Just because we disagree with the Board of Education’s choice for Superintendent doesn’t mean we are being divisive. If the reference here is referring to perceived division along racial lines because Mr. Guettierez is Latino and we are Black, well, several Latino leaders who were a part of the same community interview that Madison’s African American Pastors arranged (and that I was present for as well) also felt that Dr. Guettierez was not the most qualified finalist candidate for the position. We also felt that the finalist candidate pool did not yield the caliber of candidate that our school district needs overall. Many of us felt Dr. Thomas was the most qualified candidate; however, some of us preferred that the Board of Education reopen the search process and try again. Furthermore, the only time many of us were involved in the hiring process was when local Black Ministers requested that we have the opportunity to meet the finalist candidates. This Board did not come to us. Given our collective experience and background in education in Madison (and some of us nationally), you would think the MMSD Board of Education would have thought to include us in this unprecedented community involved process. If you wonder why we are concerned, read the piece I wrote in last month’s Madison365: https://madison365.com/why-black-people-in-madison-are-impatientand-should-be/. This isn’t about Mr. Guettierez race. Instead, it is about our concern for the present and future of our children – and yours.
2013 – 2019: Jennifer Cheatham and the Madison Experience.
High school students won’t have to be “proficient” in either math or English to graduate, under minimum required test scores proposed by State Superintendent Paolo DeMaria.
They will just need to know enough to do the most basic of jobs.
New high school graduation requirements passed this summer require most students to show “competency” in math and English through scores on Ohio’s Algebra I and English II tests to qualify for a diploma. The new requirements start with the class 2023, this year’s high school freshmen.
International collaboration has become a contentious issue in the world of academia. From a recent Bloomberg article by Tyler Cowen, I learned that ivy league universities have been accepting huge sums of money from countries like Iran, China and others. The chair of the Harvard chemistry department accepted 50,000 dollars per year and as much as 150,000 dollars in perks from Chinese collaborators and a hundred researchers at Texas A&M, many of whom worked in areas relevant to national defense, had gotten money from China and only five of them disclosed this.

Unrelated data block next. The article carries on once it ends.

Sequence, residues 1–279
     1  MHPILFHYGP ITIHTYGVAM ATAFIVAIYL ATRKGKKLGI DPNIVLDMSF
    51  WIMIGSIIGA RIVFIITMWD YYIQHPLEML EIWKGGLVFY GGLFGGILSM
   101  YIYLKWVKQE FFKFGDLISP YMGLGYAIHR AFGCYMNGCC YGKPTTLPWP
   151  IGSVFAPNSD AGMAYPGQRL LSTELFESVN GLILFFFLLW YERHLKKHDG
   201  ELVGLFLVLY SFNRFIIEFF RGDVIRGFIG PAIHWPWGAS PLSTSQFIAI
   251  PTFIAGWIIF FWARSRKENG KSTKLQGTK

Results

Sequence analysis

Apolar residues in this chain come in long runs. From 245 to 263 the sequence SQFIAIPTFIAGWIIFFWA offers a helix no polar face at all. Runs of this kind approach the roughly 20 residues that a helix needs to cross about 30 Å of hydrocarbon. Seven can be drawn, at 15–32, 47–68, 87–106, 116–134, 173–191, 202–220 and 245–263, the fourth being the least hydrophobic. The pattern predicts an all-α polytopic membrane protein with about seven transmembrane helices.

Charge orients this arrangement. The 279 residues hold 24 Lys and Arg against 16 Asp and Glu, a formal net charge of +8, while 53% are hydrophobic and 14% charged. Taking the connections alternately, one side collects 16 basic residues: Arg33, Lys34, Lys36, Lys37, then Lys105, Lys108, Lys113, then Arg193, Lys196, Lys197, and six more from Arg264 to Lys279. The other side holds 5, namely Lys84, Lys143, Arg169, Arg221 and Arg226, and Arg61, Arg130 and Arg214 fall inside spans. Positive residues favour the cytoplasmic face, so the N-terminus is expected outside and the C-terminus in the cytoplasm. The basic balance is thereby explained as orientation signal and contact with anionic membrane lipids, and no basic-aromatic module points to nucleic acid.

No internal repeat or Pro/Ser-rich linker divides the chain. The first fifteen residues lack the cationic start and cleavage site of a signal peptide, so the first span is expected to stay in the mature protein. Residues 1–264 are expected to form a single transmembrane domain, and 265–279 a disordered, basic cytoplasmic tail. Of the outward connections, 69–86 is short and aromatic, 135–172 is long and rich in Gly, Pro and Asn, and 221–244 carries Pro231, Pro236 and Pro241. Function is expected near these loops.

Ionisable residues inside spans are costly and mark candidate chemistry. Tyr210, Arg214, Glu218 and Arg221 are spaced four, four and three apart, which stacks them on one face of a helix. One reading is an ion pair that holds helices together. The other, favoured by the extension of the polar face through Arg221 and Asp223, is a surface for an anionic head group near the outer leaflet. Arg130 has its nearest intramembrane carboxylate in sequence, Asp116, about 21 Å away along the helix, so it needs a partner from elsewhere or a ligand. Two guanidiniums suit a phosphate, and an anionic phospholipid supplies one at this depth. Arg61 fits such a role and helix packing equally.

I know people who work for a German lab and they are encouraged to collaborate with Chinese institutes, but I’ve heard that this sort of collaboration is sometimes controversial from the US standpoint, especially when the German lab also collaborates with US institutes. What these people do is all in compliance with the law, unlike US companies that set up work arounds to sell their products by going through intermediaries that are not on US soil, but for people in Germany and South Korea, countries that have always been stuck between two sides of a cold war, trying to remain friends with both sides has become increasingly challenging. They are both well aware that their security is dependent on support from the US, but as technocrats and mafia-sorts do battle, keeping clean shoes is challenging.
By some measures, academia has always operated as an entity that has no respect for international boundaries and this was its strength, but in times of war, knowledge becomes weaponized. Even though conflicts today seem to fly under the radar, this doesn’t mean that there are no casualties. I wouldn’t be surprised to find that people who are involved in the transfer of sensitive technology are simply eliminated in discrete ways.
This leads me to wonder about the extent to which international collaboration in fundamental physics is restricted. There was a conference last year in Hamburg during which dual use (military/civilian) applications of free electron laser technologies was discussed and from what I gathered, the conclusion was that military uses of the technology have been tried out and ruled out. This left the doors of international collaboration open within that sphere, but what happens if a nuclear physicist goes abroad to spread knowledge to populations that are not typically invited to conferences? (I honestly don’t know since I didn’t study nuclear physics.)